The Gedney Association filed a Notice of Appeal last week with hopes of reversing State Supreme Court Judge Lefkowitz’s decision dismissing its lawsuit challenging the approval of the French American School of New York (FASNY) plan for a regional school in the Gedney Farms neighborhood of White Plains.
The Aug. 24 decision rejected two separate legal challenges by the neighborhood association to the City of White Plains Common Council’s grant of Special Permit and Site Plan approval for FASNY’s application for a reduced School on 27 acres of the 129-acre former Ridgeway Country Club.
The dispute between FASNY and residents of the Gedney Farms neighborhood association has been ongoing for seven years.
Based upon a prior successful legal challenge by FASNY, The City of White Plains and FASNY entered into a Stipulation of Settlement in 2016, in which FASNY filed a reduced Upper School only plan for no more than 640 students that limited all construction to one parcel of the former Ridgeway site. After a year of further review, in November 2017, the City Council approved FASNY’s revised application. A moratorium of 15 years was set for no development to take place on other parcels on the site originally slated for use by the school.
In a statement dated Sept. 28, the Association said it believes clear requirements of the State Environmental Quality Review Act (SEQRA) were neglected and Judge Lefkowitz’s decision to be in conflict with her earlier findings. “The Judge mistakenly concluded that FASNY’s moratorium on any new development on the property satisfied laws governing segmentation which requires a development plan consider the entire property not only segments. In fact, FASNY’s moratorium commitment related only to its plans and not to other developers,” the statement said.
The Gedney Association is also appealing the Judge’s dismissal of its lawsuit seeking enforcement of the private Deed Restriction prohibiting Institutional Use on the property. “The language of the Deed Restriction is perfectly clear: Institutional Use is prohibited. Many homebuyers in the surrounding neighborhood purchased their homes with the assurance of this long-standing covenant. Despite the specific language in the Deed Restriction the Judge decided to define what an institution is,” the Association alleges.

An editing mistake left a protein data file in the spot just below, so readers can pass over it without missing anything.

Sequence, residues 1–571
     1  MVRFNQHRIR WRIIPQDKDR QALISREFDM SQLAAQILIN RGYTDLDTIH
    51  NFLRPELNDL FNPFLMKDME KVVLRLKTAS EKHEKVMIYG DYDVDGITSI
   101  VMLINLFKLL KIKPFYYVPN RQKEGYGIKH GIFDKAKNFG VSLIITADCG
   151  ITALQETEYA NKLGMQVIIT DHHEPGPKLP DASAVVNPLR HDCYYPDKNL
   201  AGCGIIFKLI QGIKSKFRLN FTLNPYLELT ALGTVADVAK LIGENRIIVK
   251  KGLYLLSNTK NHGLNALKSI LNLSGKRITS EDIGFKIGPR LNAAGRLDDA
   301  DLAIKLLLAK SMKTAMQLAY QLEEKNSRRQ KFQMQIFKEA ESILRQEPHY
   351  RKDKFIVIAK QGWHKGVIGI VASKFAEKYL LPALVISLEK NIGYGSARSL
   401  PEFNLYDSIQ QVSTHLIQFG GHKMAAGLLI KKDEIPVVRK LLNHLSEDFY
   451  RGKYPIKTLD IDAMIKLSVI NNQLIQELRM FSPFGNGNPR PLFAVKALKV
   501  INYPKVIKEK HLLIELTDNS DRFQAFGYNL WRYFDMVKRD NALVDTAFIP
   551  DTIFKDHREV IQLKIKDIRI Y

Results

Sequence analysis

On this issue, the Court held that while the 1925 Covenant “unequivocally prohibits many uses […] it contains no like prohibition of any use related to education.”
Judge Lefkowitz likewise rejected arguments that the 1925 Covenant’s prohibition of “noxious” uses applied to a school, noting that under New York law, in fact, “such uses are presumed to have a beneficial effect on the community in which they are located,” and that the “law has long favored free and unencumbered use of real property. ”
The Association said it also finds the Judge’s statement implying that the Association is advocating a “slavish servitude” to the City’s Comprehensive Plan alarming. “This conflicts with established land use law in New York whereby governmental bodies must not only consider but, in fact, comply with its Comprehensive Plan in deciding land use matters. Indeed, the City’s Comprehensive Plan was updated in recent years and clearly stipulated that the property in question should be developed at the lowest possible density given its environmental sensitivity,” the statement said.
In an interview with The White Plains Examiner, Gedney Association President John Sheehan said the Association has six months from the date of filing to perfect the appeal.
Sheehan noted that even without the FASNY school in place, traffic on Mamaroneck Avenue has increased substantially in both directions during rush hours, caused he believes by the continued development of the White Plains downtown. And while Sheehan agrees that a healthy downtown is good for all of White Plains, he sees the ongoing trend of the Common Council to grant spot zoning changes in favor of increased density a disturbing trend.
Sheehan also said sewage and stormwater management issues throughout the city were causes for increased concern and would continue to play a major role in the outlying neighborhoods, especially on the former Ridgeway Country Club property where underground water systems are known to be flowing.
When asked how the Notice of Appeal affects FASNY development plans, this statement was released: “Having already lost a half dozen lawsuits, it is disappointing that the Gedney Association has chosen to continue its costly and wasteful legal tactics. Their actions speak for themselves.”
In the meantime, it appears that no construction or preparation for development is underway on the site.